Several times this past week, walking Leonard at night or in the morning, I catch myself in a discussion with my mother. Then I remember: she’s dead. The realization isn’t a moment of sorrow, but absurdity. I am rehearsing for a moment that will never be, a closure that I will never have.
B. gave me a drawing by Story People: “If you hold onto the handle, she said, it’s easier to maintain the illusion of control.” This image is a person clinging to a kind of oar. “It’s more fun if you just let the wind carry you.”
When I catch myself in the discussion, I mentally release my grip, one finger at a time, from the weird fantasy I have had all these years: this running inner dialogue that has become a kind of subconscious tick. Maybe even a kind of hopeful prayer? Against all conscious logic, the conscious acceptance of the situation of the past 30-odd years.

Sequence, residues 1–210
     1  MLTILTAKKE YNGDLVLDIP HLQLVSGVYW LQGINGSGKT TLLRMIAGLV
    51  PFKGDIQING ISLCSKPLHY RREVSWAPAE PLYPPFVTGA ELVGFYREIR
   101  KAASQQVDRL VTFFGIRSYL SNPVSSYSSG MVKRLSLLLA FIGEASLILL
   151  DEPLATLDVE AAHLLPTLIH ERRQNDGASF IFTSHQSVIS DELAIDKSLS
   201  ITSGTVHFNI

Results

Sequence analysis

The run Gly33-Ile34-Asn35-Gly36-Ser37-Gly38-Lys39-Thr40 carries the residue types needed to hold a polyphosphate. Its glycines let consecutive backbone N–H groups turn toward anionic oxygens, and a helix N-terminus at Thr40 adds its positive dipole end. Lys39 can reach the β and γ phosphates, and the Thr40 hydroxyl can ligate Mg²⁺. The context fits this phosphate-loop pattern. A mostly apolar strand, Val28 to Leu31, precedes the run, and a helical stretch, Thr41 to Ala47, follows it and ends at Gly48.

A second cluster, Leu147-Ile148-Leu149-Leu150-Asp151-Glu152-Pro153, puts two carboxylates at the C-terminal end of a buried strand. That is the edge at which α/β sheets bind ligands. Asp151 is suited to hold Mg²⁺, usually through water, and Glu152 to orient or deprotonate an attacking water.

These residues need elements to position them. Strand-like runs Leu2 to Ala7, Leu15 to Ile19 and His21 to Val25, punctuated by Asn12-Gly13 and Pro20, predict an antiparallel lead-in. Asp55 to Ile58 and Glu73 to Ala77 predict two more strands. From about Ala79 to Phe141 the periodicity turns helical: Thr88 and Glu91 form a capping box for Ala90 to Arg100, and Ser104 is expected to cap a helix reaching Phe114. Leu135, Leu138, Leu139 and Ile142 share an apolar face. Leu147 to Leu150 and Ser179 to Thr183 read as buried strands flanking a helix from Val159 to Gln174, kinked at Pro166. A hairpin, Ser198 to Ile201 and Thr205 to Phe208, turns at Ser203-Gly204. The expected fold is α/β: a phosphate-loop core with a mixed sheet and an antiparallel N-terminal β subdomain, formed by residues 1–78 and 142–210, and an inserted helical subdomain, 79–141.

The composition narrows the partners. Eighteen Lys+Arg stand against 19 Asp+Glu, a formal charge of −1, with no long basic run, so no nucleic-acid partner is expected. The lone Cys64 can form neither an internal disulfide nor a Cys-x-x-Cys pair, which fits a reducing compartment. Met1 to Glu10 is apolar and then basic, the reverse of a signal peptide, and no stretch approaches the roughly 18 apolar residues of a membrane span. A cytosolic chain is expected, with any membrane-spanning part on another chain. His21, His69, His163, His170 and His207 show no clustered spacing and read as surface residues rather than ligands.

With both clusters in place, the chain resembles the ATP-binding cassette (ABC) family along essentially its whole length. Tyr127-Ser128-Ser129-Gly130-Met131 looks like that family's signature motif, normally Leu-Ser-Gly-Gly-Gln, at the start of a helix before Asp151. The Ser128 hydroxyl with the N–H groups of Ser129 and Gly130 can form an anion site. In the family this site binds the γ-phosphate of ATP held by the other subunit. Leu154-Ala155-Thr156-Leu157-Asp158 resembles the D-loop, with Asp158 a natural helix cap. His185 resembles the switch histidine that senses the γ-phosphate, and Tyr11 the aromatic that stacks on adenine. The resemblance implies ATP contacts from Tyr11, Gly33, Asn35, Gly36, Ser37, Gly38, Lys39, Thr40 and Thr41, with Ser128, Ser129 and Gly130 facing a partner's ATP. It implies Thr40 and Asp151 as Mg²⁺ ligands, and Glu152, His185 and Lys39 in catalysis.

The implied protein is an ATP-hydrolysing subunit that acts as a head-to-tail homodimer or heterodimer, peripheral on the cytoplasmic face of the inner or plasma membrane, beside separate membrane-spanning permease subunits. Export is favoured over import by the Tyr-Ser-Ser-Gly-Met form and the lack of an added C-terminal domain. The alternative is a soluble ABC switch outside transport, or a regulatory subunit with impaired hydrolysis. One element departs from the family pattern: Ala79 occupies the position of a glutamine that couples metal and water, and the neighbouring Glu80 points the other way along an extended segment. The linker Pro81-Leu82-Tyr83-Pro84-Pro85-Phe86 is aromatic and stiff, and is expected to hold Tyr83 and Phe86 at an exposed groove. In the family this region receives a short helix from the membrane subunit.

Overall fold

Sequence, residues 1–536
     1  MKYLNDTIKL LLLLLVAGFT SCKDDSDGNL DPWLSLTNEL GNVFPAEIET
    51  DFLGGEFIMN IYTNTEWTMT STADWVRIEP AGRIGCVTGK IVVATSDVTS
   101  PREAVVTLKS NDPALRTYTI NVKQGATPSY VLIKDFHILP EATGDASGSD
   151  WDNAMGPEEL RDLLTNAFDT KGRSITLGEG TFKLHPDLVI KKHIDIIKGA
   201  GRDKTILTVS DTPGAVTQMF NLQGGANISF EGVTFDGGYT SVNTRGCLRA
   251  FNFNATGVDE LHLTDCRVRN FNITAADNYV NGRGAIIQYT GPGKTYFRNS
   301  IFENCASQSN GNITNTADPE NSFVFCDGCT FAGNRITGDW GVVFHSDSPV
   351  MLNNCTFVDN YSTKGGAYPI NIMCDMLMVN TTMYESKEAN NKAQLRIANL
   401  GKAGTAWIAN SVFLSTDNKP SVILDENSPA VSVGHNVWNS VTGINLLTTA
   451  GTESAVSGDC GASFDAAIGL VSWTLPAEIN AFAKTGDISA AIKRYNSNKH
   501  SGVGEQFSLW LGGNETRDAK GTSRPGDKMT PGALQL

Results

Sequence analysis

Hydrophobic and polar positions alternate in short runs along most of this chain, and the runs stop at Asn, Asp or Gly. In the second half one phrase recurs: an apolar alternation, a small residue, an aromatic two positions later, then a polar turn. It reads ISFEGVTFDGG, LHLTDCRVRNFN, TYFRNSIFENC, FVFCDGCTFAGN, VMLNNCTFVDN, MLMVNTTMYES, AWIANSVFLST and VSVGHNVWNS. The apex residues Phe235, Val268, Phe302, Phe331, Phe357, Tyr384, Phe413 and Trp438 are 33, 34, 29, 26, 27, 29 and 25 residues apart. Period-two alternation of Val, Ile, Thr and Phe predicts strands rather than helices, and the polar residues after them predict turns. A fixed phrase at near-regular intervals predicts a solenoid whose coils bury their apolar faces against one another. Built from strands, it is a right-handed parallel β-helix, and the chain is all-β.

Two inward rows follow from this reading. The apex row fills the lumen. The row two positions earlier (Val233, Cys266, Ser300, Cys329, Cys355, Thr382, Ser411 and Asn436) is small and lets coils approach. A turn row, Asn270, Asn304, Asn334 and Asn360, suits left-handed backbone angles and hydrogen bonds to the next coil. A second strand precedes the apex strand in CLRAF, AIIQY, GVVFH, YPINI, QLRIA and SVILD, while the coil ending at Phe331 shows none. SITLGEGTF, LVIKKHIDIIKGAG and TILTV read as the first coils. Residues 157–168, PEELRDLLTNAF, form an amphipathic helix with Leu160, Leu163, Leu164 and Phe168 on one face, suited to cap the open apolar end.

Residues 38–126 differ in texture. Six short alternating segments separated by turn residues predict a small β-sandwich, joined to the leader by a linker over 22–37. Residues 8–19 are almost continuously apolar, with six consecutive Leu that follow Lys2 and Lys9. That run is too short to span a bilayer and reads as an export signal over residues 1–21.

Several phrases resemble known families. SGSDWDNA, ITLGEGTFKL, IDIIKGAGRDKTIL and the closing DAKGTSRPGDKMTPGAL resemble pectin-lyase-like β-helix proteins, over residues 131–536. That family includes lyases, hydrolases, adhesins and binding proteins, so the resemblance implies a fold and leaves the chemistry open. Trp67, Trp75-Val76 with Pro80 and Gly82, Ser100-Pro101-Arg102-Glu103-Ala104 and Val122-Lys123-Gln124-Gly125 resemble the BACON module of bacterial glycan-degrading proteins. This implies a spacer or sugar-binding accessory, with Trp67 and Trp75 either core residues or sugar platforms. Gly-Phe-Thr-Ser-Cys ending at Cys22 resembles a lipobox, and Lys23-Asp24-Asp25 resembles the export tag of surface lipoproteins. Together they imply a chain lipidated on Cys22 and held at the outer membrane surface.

It’s over. It’s never over. I open my hand again to drop the practice, like a prayer bead, like an oar. Only to find it in my hand again.
Maybe this is the underlying conflict/drama in all of our lives: the continuous grasping and letting go. Against our needy, animal nature. Against our cold, intellectual plans.
I have told myself that once she was dead, I would write a memoir. But I’m suddenly unsure. Unsure of the why of it.
I never wanted the last word.
I wanted the last word to be hers. To be: I’m sorry. Not pity, but acknowledgement and remorse.
Because remorse would entail something of love.